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Syllabus for

Academic year
TEK680 - Circular economy
Cirkulär ekonomi
 
Syllabus adopted 2020-02-10 by Head of Programme (or corresponding)
Owner: MPTSE
7,5 Credits
Grading: TH - Pass with distinction (5), Pass with credit (4), Pass (3), Fail
Education cycle: Second-cycle
Major subject: Energy and Environmental Systems and Technology
Department: 45 - TECHNOLOGY MANAGEMENT AND ECONOMICS

The course is full. For waiting list, please contact the director of studies: johan.bankel@chalmers.se
Teaching language: English
Application code: 28112
Open for exchange students: Yes
Block schedule: A
Maximum participants: 50

Module   Credit distribution   Examination dates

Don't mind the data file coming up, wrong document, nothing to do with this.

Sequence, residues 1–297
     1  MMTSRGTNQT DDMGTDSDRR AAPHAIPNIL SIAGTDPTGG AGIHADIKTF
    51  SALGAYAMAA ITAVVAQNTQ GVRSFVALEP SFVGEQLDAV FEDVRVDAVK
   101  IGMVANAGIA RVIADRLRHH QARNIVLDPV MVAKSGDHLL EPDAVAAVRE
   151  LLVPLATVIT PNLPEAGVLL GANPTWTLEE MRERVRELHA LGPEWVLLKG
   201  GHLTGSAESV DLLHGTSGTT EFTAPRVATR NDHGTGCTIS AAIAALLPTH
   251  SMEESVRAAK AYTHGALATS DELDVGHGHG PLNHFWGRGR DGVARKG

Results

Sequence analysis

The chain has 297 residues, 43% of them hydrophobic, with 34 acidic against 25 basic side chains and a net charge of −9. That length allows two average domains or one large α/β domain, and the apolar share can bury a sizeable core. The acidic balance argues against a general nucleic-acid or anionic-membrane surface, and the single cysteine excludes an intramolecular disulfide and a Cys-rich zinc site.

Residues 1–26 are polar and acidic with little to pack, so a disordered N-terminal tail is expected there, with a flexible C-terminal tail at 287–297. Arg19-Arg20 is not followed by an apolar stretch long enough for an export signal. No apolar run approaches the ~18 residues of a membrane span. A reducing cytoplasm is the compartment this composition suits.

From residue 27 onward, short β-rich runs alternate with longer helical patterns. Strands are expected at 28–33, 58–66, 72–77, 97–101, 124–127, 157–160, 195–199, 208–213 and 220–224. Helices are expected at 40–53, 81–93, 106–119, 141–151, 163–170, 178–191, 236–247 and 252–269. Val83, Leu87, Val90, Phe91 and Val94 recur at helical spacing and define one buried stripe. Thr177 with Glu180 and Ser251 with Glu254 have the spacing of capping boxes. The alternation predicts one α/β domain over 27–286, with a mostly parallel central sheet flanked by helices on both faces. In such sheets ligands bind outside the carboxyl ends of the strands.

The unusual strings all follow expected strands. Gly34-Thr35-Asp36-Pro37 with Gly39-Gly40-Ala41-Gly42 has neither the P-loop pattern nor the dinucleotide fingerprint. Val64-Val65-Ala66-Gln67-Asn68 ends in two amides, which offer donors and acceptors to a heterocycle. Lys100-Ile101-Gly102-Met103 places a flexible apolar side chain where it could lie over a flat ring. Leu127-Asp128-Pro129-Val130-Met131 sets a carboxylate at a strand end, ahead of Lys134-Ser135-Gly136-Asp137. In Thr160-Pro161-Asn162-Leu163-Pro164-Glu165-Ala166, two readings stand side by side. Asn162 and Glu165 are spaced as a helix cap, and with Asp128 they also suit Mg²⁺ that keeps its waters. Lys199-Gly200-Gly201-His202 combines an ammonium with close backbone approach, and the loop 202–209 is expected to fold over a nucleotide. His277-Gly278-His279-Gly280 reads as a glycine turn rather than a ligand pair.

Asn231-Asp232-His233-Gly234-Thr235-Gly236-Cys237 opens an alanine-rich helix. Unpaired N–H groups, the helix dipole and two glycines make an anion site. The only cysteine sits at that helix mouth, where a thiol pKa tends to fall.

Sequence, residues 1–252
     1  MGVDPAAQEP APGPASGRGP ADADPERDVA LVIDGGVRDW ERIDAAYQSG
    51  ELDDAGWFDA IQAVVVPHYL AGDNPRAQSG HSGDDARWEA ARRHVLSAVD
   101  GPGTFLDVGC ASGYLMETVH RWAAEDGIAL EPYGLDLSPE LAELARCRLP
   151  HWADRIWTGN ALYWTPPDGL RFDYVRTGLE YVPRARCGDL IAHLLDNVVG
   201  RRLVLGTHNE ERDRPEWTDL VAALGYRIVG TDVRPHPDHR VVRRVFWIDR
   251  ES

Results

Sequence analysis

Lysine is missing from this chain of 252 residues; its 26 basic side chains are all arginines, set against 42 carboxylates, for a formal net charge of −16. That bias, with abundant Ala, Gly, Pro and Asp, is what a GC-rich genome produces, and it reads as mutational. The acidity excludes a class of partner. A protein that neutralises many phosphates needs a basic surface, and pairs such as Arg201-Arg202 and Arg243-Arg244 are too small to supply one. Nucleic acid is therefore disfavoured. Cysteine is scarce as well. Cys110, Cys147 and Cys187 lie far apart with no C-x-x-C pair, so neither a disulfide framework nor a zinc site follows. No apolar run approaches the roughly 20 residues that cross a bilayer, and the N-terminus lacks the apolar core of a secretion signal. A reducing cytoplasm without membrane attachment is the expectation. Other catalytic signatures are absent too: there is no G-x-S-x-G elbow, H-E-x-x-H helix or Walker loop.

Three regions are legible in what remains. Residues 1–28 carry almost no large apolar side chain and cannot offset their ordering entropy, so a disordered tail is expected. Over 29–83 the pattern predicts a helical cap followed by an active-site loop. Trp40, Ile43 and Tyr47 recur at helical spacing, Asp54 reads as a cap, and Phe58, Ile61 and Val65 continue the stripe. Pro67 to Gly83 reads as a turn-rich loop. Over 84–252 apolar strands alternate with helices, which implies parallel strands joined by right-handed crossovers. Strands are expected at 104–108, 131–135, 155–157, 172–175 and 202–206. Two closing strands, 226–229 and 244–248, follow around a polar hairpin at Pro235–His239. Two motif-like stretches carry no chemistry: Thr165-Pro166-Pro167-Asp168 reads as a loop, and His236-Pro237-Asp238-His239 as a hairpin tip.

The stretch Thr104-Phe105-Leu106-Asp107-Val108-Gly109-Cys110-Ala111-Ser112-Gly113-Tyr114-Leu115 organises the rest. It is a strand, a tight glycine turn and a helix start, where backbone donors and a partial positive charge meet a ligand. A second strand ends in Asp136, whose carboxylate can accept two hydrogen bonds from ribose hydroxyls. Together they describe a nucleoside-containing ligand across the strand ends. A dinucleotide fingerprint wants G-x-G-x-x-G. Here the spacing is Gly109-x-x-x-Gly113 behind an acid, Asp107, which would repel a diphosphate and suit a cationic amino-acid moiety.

Sp1 Sp2 Sp3 Sp4 Summer course No Sp
0119 Examination 7,5c Grading: TH   7,5c   26 Oct 2020 pm L   07 Jan 2021 am L,  18 Aug 2021 pm L

In programs

MPAEM MATERIALS ENGINEERING, MSC PROGR, Year 2 (elective)
MPDES INDUSTRIAL DESIGN ENGINEERING, MSC PROGR, Year 2 (elective)
MPPEN PRODUCTION ENGINEERING, MSC PROGR, Year 2 (elective)
MPSES SUSTAINABLE ENERGY SYSTEMS, MSC PROGR, Year 2 (elective)
MPTSE INDUSTRIAL ECOLOGY, MSC PROGR, Year 2 (elective)
MPTSE INDUSTRIAL ECOLOGY, MSC PROGR, Year 1 (compulsory elective)
MPMAR MARITIME MANAGEMENT, MSC PROGR, Year 2 (elective)

Examiner:

Maria Ljunggren

  Go to Course Homepage


Eligibility

General entry requirements for Master's level (second cycle)
Applicants enrolled in a programme at Chalmers where the course is included in the study programme are exempted from fulfilling the requirements above.

Specific entry requirements

English 6 (or by other approved means with the equivalent proficiency level)
Applicants enrolled in a programme at Chalmers where the course is included in the study programme are exempted from fulfilling the requirements above.

Course specific prerequisites

Basic university-level knowledge in environmental science or environmental engineering.

Aim